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Coronavirus Pandemic

Serbian woman didn’t let pandemic stop her from advocating for disabled women 

Mónika Zsúnyi
Photo: Mónika Zsúnyi/Facebook

Mónika Zsúnyi, 26 years old from Temerin, is a valuable advocate for women and girls with disabilities who are often denied essential health services.

Approximately 8 percent of the total population of Serbia — almost 600,000 people live with some type of disability, the majority being women and girls.

According to a study by UNFPA and Iz Kruga Vojvodina, an organization that supports females with disabilities, one in five disabled Serbian women and girls experience difficulty acquiring health services:

  • One in four is unsatisfied with the sexual and reproductive health services they receive.
  • One in seven has never had a gynaecological examination.
  • Only one in four says they can freely and independently decide if they want children, or have their family’s support in doing so.

These challenges are a result of negative stereotypes and prejudices in society, even among health professionals. The COVID-19 pandemic has escalated these problems.

Women and young people with disabilities are three times more likely than their non-disabled peers to experience sexual violence, and they are at risk of being left behind in the response to the COVID-19 crisis.

But Serbian women with disabilities, like Zsúnyi, are trying to make the world more inclusive by raising people’s understanding about disabilities, setting standards for inclusivity and advocating for legislation to promote their rights.

“I am a woman with a disability. I live with cerebral palsy, I have difficulty speaking and moving. I try to be as independent as possible and live a full life. Sexual life is part of that,” said Zsúnyi.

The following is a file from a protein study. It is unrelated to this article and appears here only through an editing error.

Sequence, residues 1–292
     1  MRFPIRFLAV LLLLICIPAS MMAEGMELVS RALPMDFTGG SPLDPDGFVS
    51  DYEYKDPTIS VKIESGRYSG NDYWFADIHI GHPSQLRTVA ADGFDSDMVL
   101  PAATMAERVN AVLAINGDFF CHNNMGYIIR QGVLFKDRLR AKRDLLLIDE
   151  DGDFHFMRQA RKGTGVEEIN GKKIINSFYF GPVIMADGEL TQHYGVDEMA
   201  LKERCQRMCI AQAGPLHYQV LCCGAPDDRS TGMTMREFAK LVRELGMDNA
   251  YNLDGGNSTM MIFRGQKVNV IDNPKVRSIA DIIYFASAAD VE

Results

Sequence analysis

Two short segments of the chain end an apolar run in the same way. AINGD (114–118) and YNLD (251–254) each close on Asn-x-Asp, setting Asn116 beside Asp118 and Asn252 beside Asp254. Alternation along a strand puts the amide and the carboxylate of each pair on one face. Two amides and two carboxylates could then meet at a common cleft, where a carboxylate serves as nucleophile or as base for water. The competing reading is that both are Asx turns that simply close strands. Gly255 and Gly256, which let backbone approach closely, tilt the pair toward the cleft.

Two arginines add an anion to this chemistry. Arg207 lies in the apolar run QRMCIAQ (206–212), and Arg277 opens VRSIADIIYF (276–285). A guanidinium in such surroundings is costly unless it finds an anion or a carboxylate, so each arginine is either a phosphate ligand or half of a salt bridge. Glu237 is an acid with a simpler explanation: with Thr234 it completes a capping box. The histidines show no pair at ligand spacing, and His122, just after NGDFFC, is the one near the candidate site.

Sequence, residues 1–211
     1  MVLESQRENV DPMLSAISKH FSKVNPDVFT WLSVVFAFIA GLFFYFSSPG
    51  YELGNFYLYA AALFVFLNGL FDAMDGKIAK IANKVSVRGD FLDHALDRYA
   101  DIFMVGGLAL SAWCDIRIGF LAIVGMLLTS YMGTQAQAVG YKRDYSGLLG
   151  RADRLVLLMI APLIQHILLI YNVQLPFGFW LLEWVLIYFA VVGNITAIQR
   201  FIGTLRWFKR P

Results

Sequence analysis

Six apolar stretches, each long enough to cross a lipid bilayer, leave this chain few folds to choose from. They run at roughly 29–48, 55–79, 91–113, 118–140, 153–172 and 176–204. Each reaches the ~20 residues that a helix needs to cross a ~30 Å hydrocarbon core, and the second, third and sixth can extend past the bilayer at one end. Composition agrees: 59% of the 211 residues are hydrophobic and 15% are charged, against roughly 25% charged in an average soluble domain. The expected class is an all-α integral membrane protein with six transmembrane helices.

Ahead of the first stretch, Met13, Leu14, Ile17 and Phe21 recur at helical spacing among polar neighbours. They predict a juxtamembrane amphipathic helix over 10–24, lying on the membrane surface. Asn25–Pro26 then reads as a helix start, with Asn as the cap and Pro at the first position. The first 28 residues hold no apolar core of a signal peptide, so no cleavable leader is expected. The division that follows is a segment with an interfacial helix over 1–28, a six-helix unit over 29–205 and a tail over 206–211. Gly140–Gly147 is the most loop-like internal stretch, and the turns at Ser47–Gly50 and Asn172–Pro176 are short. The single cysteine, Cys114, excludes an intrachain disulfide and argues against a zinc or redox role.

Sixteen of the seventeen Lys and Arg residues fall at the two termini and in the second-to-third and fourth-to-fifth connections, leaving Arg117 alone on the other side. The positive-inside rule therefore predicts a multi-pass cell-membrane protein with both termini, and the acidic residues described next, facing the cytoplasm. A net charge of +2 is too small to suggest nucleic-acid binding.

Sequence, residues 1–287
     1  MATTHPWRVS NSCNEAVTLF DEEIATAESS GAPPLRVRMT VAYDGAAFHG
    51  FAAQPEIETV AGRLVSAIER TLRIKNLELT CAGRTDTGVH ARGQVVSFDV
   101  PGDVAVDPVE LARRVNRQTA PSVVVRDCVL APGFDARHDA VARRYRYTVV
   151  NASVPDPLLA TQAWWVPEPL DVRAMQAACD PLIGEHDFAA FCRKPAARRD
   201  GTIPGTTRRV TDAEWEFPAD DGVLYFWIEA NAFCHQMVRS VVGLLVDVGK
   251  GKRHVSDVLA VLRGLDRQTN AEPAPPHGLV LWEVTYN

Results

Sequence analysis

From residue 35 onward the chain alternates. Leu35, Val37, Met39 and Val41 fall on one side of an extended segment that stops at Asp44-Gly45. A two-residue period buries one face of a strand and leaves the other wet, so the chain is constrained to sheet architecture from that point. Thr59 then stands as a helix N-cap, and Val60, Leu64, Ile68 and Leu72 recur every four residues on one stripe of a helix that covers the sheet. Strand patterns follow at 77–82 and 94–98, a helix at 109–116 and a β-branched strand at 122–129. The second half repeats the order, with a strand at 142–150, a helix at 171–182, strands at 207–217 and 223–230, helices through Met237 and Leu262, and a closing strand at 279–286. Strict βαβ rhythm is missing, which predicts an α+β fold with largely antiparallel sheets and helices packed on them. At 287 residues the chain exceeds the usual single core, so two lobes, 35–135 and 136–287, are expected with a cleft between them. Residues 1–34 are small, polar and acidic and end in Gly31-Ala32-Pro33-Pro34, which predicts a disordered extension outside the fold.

With UNFPA support, women from several municipalities are learning about reproductive rights, identifying barriers and creating local solutions.

The COVID-19 pandemic has not stopped their progress; they moved their activities online, joining forces with others in their communities to become advocates for change.

According to Zsúnyi, “Due to the COVID-19 pandemic we implemented almost the whole project online. I had to face the fear that no one in the online space would understand me because of my speech (it is easier to understand me when I speak face to face)…I am very proud of the work of the women of our Association. They regularly got involved in trainings, regardless of the obligations they had beyond that. They were always present and open to talk about more sensitive topics.”

The women have made great advancements in less than a year: repairing a hydraulic table for gynaecological checks, making movies about the barriers they face and successfully engaging with local policy makers to offer and advocate for solutions to their problems during and after the COVID-19 pandemic.

“These activities pushed me out of my comfort zone a bit, and broke down the prejudices I had about myself – that I am not capable of being a leader due to my difficulty in speaking,” said Zsúnyi, adding, “Our life is not always easy, but it is always worth fighting for our rights.”

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